The Twa Dogs poem, written in 1796, is another great work of Burns’s which gives the two dogs human-like intellect and the ability to express themselves as it has an upper-class pedigree, Caesar, and an ordinary working collie, Luath, who chat about the differing lives of the social classes. The name “Luath” comes from Ossian’s epic poem Fingal. The Twa Dogs immortalizes Burns’s own dog Luath who came to a cruel end. On the morning of 13th February 1784 Robert and his sister Isabella were distressed to find the poisoned body of Robert’s dog Luath outside their door – the act of a vengeful neighbour. Arguably, Burns intended this poem as a memorial to his canine friend.
An example of one of Burn’s lesser-known poems is The Wounded Hare which was written in 1789. Below are the first three stanzas out of five that complete this poem:
Inhuman man! curse on thy barb’rous art,
And blasted be thy murder-aiming eye;
May never pity soothe thee with a sigh,
Nor ever pleasure glad thy cruel heart!
Go live, poor wand’rer of the wood and field!
The bitter little that of life remains:
No more the thickening brakes and verdant plains
To thee a home, or food, or pastime yield.
Seek, mangled wretch, some place of wonted rest,
No more of rest, but now thy dying bed!
The sheltering rushes whistling o’er thy head,
The cold earth with thy bloody bosom prest.
The word choice makes the moral message of this poem is clear: Burns is vehemently opposed to shooting. The passion and intensity of Burns’s thoughts on this is quite surprising as one would think that as a farmer he would be used to or even dependent on killing animals, however, meat consumption was not as prominent in the eighteenth century as farm animals were only killed for food in old age or special occasions. The family’s provision of milk, cheese, butter and wool came directly from their own animals, and the health and wellbeing of these creatures were paramount. Furthermore they would share the same roof over their heads with them, thus creating strong bonds with their farm animals, and apparently Burns lost his temper with a farm-worked once when the man did not cut the potatoes small enough and Burns was frantic that the beasts might choke on them.
Below is the third stanza of the powerful poem On Glenriddell’s Fox Breaking His Chain written in 1791:
Glenriddell! Whig without a stain,
A Whig in principle and grain,
Could’st thou enslave a free-born creature,
A native denizen of Nature?
How could’st thou, with a heart so good,
(A better ne’er was sluiced with blood!)
Nail a poor devil to a tree,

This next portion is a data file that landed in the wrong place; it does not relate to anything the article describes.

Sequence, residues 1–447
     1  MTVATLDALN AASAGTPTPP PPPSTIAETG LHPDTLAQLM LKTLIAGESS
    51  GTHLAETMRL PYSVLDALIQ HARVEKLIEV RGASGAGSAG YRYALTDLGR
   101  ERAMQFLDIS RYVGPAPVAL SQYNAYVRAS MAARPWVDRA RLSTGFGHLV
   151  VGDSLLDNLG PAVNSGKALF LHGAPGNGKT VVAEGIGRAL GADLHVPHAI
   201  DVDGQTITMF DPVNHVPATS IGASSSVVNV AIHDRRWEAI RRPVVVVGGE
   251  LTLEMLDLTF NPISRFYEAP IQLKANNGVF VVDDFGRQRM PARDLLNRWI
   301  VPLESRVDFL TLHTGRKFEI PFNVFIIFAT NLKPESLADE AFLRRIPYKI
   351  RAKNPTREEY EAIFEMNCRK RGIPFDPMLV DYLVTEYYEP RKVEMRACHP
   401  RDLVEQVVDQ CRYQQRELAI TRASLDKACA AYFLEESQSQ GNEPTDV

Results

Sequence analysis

That ne’er did harm to thine or thee?
Again, you can clearly see that Burns is opposed to the cruel treatment of a “free-born creature” and is in disbelief of the actions of the good-hearted Glenriddell’s actions.
However, one could argue that nature was so deeply rooted in Burns’s psyche – and he quite literally was surrounded by it living on a farm – that he could not escape from being inspired to write about it. An example of this is in his masterpiece Tam o’ Shanter. It is an epic narrative poem written in 1790 which features folklore, superstition, witchcraft and gothic themes… but it also has one of his most poignant and beautiful quotes in which Burns really philosophically details the nature of nature:
But pleasures are like poppies spread,
You seize the flower, its bloom is shed;
Or like the snow falls in the river,
A moment white–then melts for ever;
Or like the borealis race,
That flit ere you can point their place;
Or like the rainbow’s lovely form
Evanishing amid the storm.–
Nae man can tether time or tide;
The hour approaches Tam maun ride;
Burns is saying that nature’s beauty is wistful, forever-changing and is out of the control of humankind as he insightfully states “nae man can tether time or tide”.
In terms of this poem, another point is worth mentioning: the hero of this tale is a horse. Again Burns’s admiration and respect for animals is encompassed in the heroism of Meg, Tam’s horse, who against all odds does get him home in one piece although the same cannot be said for her. Burns was a brilliant horse-rider and would have relied heavily on his four-legged companion as a mode of transportation to socialise, to plough fields and to work as an excise man.
All in all Burns would have been regarded nowadays as an advocate for animal welfare and his works which have animals or nature at their core reflect his love for nature and are some of his most passionate, most thought-provoking and most heart-rending.
By Parris Joyce (Learning Trainee)
This iconic and vivid red poster definitely catches the een, however, at first glance you think you see the famous revolutionary Che Guevara in the Andy Warhol like pop art print – but, naw readers you’d be mistaken – its Robbie! Cleverly the University of West of Scotland have mischievously replaced Guevara’s face with Burns’s to stand as Scotland’s most well-known and well-loved revolutionary.